Parasite: "How about protection? There are a lot of really bad parasites out there. I could protect you from them."

Plant: "Bad Parasites? How Bad?"

Parasite: "Just Bad. They are a terror! Heck, all I ask is 30 to 55% of your nourishment for protection. . . . more if I really need it and you have a lot. But I only take it if I decide I need it. And you get security. Isn't that a nice deal? "

> Plant: "Doesn't sound bad like that. But wait - when does this 'deal' to keep these parasites away end? Doesn't sound like there's any restrictions on you and I have to keep providing!"

> Parasite: "I'm here to help. You don't want to be without me. I heard it on the grapevine they've been watching you for some time. I'm the only thing holding them back. "

> Plant: "Oh my!! That's scary. Maybe I should just wait and see for a while. "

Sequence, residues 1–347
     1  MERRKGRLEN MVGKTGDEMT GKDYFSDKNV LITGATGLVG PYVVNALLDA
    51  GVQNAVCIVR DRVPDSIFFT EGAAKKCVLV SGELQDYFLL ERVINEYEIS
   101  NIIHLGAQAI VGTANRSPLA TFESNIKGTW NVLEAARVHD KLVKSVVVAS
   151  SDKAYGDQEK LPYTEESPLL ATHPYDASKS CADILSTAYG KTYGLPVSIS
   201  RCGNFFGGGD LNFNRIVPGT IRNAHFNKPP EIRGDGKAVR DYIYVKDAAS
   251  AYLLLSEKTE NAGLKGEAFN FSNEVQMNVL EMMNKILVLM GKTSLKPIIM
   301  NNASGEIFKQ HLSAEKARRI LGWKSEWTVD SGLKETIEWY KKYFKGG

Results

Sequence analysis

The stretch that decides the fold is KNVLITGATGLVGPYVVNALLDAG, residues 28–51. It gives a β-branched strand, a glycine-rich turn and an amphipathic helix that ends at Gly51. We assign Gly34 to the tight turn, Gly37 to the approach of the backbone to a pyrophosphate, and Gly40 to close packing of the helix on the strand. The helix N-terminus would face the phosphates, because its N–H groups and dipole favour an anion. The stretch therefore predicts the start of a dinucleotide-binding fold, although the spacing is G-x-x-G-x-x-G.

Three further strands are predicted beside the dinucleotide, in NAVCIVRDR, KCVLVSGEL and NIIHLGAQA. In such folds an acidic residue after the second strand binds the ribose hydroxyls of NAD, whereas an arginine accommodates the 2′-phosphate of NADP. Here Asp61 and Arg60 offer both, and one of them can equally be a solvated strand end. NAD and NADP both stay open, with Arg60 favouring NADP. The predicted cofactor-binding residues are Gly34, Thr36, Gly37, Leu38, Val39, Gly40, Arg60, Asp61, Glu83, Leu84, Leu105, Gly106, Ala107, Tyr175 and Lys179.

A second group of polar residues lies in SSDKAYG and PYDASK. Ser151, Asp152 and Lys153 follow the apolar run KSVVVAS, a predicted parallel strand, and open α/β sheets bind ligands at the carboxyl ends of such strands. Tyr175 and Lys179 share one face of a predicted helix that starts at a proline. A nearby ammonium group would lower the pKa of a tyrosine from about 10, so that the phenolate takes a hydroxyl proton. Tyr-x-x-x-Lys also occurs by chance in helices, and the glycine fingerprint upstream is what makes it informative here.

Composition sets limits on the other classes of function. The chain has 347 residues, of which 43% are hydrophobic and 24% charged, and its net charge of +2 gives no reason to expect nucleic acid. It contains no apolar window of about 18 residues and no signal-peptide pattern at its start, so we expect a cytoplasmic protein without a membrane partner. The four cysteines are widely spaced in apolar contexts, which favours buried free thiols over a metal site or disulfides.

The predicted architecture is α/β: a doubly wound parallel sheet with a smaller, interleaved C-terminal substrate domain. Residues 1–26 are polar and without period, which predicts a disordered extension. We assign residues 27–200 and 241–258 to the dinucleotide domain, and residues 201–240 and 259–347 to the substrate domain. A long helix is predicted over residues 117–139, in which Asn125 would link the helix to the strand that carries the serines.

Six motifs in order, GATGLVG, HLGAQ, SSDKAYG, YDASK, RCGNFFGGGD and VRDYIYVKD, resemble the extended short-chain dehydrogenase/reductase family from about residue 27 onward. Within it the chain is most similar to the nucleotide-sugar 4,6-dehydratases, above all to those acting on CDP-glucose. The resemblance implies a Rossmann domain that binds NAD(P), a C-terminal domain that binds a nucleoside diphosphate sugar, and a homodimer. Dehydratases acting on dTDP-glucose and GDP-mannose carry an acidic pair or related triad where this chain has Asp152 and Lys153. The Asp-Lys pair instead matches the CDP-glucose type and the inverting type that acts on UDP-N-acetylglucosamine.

> Parasite: "That's a good boy. "

What? (0)

Anonymous Coward | about a month ago | (#47696499)

This is about as much a conversation as my car has with the gas pump.

Dare I ask ... (1)

Rambo Tribble (1273454) | about a month ago | (#47696755)

... if this means strangleweed fills the plant world's niche that, in our world, is filled by the NSA?

Odd coincidence (1)

gzuckier (1155781) | about a month ago | (#47701055)

I'm studying a formerly unknown means whereby certain plants, when heated, are able to transfer their mRNA to humans, resulting in a certain vegetativeness among the recipients.
Check for New Comments
Slashdot Login

Need an Account?

Forgot your password?

Submission Text Formatting Tips

We support a small subset of HTML, namely these tags:

  • b
  • i
  • p
  • br
  • a
  • ol
  • ul
  • li
  • dl
  • dt
  • dd
  • em
  • strong
  • tt
  • blockquote
  • div
  • quote
  • ecode

"ecode" can be used for code snippets, for example:

<ecode>    while(1) { do_something(); } </ecode>